Usually, when the winner of the Economics Nobel Prize is announced, people who care about the real world, and pragmatic business folk, don’t pay much attention, other than perhaps fulfilling a sense of curiosity. This time around it is different, this year’s winner, Richard Thaler, among many other things co-author of the brilliant book Nudge, has developed theories and ideas that have changed how many of us think about ourselves, other people and our approach to business.
We are not always rational. That insight is not Richard Thaler’s alone, the likes of Daniel Khaneman and Amos Tversky, got in there first. But Thaler has been a key contributor to what these days we call behavioral science and behavioral economics.
If you never read Nudge, it is worth it.
Here is one anecdote from the book. When Dustin Hoffman was starting out, as a budding actor, he shared a flat with fellow budding actor, Gene Hackman. Times were tough, money tight, and Hoffman used a method to make ends meet which Thaler calls mental accounting. The young Hoffman kept his money in pots: rent pot, bills pot, food pot, going out pot. When Hackman invited him out, his flatmate checked the going out pot, alas it was empty. So Hoffman asked if he could borrow money from Gene Hackman, even though there was plenty of money in the other pots.
According to the organisers of the Nobel prize, “Thaler developed the theory of mental accounting, explaining how people simplify financial decision-making by creating separate accounts in their minds, focusing on the narrow impact of each individual decision rather than its overall effect.”
But he also advanced the idea of loss aversion, also called the endowment effect: “people value the same item more highly when they own it than when they don’t.” It’s a concept entrepreneurs need to take on board, they need rugged determination, but also need to know when to let ideas go. This is where the idea of the Lean Start-up comes in, it’s the real world solution to the problem identified by Thaler, indeed the creators of the Lean Start-up model leant heavily on behavioral economics.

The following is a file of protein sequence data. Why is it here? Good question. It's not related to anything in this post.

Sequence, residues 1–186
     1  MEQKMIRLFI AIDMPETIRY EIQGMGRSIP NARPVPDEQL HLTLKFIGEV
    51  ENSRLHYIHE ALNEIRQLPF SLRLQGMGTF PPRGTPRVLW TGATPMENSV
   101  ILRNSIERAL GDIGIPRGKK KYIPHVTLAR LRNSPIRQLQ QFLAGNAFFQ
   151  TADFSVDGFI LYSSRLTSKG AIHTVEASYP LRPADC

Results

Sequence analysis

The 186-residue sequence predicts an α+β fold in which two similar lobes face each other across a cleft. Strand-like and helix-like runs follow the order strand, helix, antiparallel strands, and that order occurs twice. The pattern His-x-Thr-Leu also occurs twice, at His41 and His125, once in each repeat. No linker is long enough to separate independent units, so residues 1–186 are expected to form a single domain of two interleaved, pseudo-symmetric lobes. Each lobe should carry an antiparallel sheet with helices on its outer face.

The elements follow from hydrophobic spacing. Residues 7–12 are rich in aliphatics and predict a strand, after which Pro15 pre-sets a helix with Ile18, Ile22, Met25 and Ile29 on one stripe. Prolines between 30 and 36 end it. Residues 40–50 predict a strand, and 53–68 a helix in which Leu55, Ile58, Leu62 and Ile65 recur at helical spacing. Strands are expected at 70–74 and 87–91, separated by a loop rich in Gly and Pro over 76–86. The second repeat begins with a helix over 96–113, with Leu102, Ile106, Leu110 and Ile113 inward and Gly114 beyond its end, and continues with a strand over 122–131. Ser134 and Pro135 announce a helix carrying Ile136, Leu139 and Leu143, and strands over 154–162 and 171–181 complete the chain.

Thaler also advanced ideas such as social preference, showing “how consumers’ fairness concerns may stop firms from raising prices in periods of high demand, but not in times of rising costs.” So,when Uber raised prices during the terrior attack on London Bridge it was pilloried in the media, it had transgressed a golden rule: upsetting people’s sense of fairness. The snag here is that the algorithms that set price had not been taught about social preference. It is interesting to speculate whether machine learning can independently learn about the heuristics behind human behaviour.
He also looked at how we can succumb “to short-term temptation. This “is an important reason why our plans to save for old age, or make healthier lifestyle choices, often fail.” Thaler suggested we can be nudged into changing our behaviour. Maybe the truly successful entrepreneurs are able to rise above the short term thinking that characterises the markets, and be like Jeff Bezos, more long-term in our thinking.
The Nobel Prize for Economics is often described as not being a proper prize – not like prizes for peace, literature, physics, and Chemistry that were bequeathed in the will of Alfred Nobel in 1898. But, back then, hardly anyone studied economics. At times the economics discipline throws up theories that seem to bear no relevance to the real world, the elegance of the maths seems more appealing to economists than the relevance of the theory. Such a criticism is not relevant when talking about Richard Thaler, his work has helped create a better understanding of ourselves.